A Graphic History of the First Atomic Bomb by Jonathan Fetter-Vorm

Others have already written the atomic bomb’s biography, and Fetter-Vorm doesn’t add new insights or historical scholarship. But he does provide a remarkably accessible — and frankly, beautiful — introduction to the events that ushered in the Atomic Age.

His graphic novel can’t be as thorough as the Pulitzer Prize–winning The Making of the Atomic Bomb by Richard Rhodes. Still, the thin hardcover presents the key events and introduces the major players. History is distilled into a series of snapshots in comic-book framing, featuring excerpts from notable conversations between scientists, generals and politicians.

In one drawing, a scientist asks, “Can it be done?” Juxtaposed is a scene of charred Japanese corpses and another scientist asking, “Should it be done?”

The matter-of-fact text largely avoids taking sides or answering such questions. But the art is commentary in itself — not on the bomb’s impact on humankind, but on the majesty of the physics that made such a device possible. Illustrations of the subatomic world explain everything from the research that led to the first fission reactor to the radiation sickness that poisoned residents of Hiroshima and Nagasaki.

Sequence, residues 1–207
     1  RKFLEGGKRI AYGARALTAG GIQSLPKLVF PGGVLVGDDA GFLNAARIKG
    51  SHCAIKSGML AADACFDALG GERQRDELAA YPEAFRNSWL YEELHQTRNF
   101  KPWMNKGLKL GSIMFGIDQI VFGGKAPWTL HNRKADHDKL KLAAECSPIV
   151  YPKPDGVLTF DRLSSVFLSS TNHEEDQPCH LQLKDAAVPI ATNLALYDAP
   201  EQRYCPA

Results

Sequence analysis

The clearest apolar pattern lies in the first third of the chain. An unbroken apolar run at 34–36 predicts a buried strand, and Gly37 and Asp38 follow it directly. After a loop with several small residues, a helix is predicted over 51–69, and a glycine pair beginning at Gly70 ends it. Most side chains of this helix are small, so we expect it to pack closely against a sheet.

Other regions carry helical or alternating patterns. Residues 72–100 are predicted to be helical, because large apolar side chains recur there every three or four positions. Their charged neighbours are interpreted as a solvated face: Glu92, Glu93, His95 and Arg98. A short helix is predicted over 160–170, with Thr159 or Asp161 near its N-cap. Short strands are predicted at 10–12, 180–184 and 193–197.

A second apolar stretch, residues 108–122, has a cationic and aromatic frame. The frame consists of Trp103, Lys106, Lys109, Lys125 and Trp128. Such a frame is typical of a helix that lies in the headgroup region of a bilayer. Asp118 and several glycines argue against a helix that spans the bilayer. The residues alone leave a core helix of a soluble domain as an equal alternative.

The main protagonist here isn’t a human; it’s the atom. While Rhodes ends the main body of his book on a note of fear — a Japanese doctor who wakes short of breath after a nightmare — Fetter-Vorm’s work closes with a meditative reflection on matter and energy. On the final page, radiation streams from a desert west of Los Alamos. The force of nature behind this radiation is “as innocent as an earthquake … as oblivious as the sun,” he writes. “It will outlast our dreams.”  

Hill and Wang, 2012, 154 p., $22

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